5 Tips For Great Rainforest Photography

Like all good nature photography, rainforest photography relies on your sensitivity to nature and light, more than on expensive equipment. Of course you need a decent camera, and you must know how to use it. But the quality of your photos does not depend on the price tag on your camera. As long as you have a tripod and a camera that allows you to adjust the shutter speed and aperture, you are set to go.

rainforest photography

“Amazon Rainforest, Venezuela” captured by Eric Pheterson

I make my living from nature photography, including a lot of rainforest photos, and I have never relied on the latest equipment for my work. Great rainforest photography is simply about finding a great subject, in the best light, and having a good eye for composition.

Note: The following tips are for photos of rainforest scenes, not for close-up photos of leaves, fungus etc.

1. Choose a subject

As they say in the classics, “It’s a jungle out there.” In the rainforest, you are confronted with foliage, branches, roots, rocks, vines…in your face and all around you. A really good rainforest photo requires structure, to make some visual sense of all that clutter. Look for something that is immediately eye-catching—a big tree that dominates the trees around it, a root system that leads the eye, a waterfall or stream—in short, something that you can build a composition around.

rainforest photography composition

“Congo Basin Rainforest” captured by Corinne Staley

2. Use the best natural light

The mistake almost everybody makes at first is to take their rainforest photos on a bright sunny day when they are in the mood for a walk. Wrong! In full sunlight, the rainforest becomes a patchwork of light and shade that is impossible to expose properly. What you need is a cloudy day, when the light is much more even. Misty weather adds even more atmosphere and can add a mysterious character to your photo.

rainforest mist

“Dandenongs Mist” captured by Mark Wassell

Do not use a flash. The flash illuminates the scene with flat, white light, eliminating the gentle play of natural light and shade that gives the forest its character. Always use the natural light.

3. Carry a tripod

Taking your photo under a heavy tree canopy, on a cloudy day means the level of light will be very low. You may be shooting at shutter speeds as slow as one or two seconds. You will always need your tripod, and it is best to avoid windy days so that the scene is as still as possible.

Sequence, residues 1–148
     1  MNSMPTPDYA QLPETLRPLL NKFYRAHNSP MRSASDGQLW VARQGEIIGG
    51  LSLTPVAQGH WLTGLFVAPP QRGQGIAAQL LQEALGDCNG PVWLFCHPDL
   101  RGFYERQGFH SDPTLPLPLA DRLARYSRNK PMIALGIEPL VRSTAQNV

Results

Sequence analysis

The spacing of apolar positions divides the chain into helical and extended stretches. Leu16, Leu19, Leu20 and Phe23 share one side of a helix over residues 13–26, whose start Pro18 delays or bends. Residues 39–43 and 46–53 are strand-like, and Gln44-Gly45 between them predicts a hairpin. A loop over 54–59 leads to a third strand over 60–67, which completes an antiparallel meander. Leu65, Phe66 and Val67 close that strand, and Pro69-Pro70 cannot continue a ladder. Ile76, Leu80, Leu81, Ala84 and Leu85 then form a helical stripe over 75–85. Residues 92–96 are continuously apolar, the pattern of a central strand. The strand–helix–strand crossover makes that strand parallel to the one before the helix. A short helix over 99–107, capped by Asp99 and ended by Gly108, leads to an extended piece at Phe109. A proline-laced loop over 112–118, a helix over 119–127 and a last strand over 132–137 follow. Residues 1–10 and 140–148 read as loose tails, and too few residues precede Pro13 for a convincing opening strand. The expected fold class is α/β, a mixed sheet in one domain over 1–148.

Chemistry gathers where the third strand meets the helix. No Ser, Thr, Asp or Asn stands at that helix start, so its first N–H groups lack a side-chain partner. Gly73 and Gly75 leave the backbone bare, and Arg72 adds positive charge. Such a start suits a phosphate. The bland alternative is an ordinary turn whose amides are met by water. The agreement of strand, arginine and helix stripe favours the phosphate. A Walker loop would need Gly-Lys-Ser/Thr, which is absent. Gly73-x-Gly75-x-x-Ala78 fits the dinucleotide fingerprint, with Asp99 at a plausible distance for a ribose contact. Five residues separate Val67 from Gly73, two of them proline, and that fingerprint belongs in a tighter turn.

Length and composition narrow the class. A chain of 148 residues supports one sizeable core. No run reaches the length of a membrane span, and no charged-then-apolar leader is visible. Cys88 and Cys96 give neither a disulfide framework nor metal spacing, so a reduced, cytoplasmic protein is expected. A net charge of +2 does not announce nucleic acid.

4. Use a wide-angle lens (or a zoom lens, zoomed back to its widest angle)

The wide angle lens has several advantages for rainforest photography. First, it exaggerates the sense of perspective in a photo, creating a sense of three dimensional depth. Viewers of your photo will feel like they are looking not just at a rainforest, but into it. Secondly, the wide-angle lens has a naturally wide depth of field. With so much detail all around you, it is important that you can keep both the foreground and the background in focus.

5. Stay on the path

There are some practical reasons for staying on the path when bushwalking. You minimize the possibility of getting lost, injured, or fined by some over-officious park ranger. The people who run the national parks are not stupid. They know what you want to see and design their trails accordingly. Sticking to the path will not rob you of any great photo opportunities.

In terms of rainforest photography, you are able to create some distance between you and the foliage around you. It is much easier to photograph a tree when you don’t have the branch of another tree in your face. By staying on the path, you can get a clear view of your subject without interference. You can even use the path as part of the composition in your photo. It is an excellent way of inviting the viewer to join you on your walk.

"Rainforest" captured by Lawson Matthews/Island Home

“Rainforest” captured by Lawson Matthews/Island Home

So there you have my five rainforest photography tips. Notice they concentrate on light and creativity, not on fancy techniques or equipment. You can make great improvements in all your nature photography this way, regardless of what type of camera you have.

About the Author:
Andrew Goodall writes for http://www.naturesimage.com.au and is a nature photographer based in Australia. He manages a gallery in Montville full of landscape photography from throughout Australia.

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One Comment

  1. Carrie says:

    Some great shots there. :)

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